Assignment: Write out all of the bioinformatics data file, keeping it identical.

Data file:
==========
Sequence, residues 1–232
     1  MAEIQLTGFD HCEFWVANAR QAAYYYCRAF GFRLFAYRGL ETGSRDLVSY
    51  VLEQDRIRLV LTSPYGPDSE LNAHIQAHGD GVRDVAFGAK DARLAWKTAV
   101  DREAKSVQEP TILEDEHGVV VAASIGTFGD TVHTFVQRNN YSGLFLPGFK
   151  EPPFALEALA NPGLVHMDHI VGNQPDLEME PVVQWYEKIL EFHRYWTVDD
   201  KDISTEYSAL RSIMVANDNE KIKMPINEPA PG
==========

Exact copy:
Sequence, residues 1–232
     1  MAEIQLTGFD HCEFWVANAR QAAYYYCRAF GFRLFAYRGL ETGSRDLVSY
    51  VLEQDRIRLV LTSPYGPDSE LNAHIQAHGD GVRDVAFGAK DARLAWKTAV
   101  DREAKSVQEP TILEDEHGVV VAASIGTFGD TVHTFVQRNN YSGLFLPGFK
   151  EPPFALEALA NPGLVHMDHI VGNQPDLEME PVVQWYEKIL EFHRYWTVDD
   201  KDISTEYSAL RSIMVANDNE KIKMPINEPA PG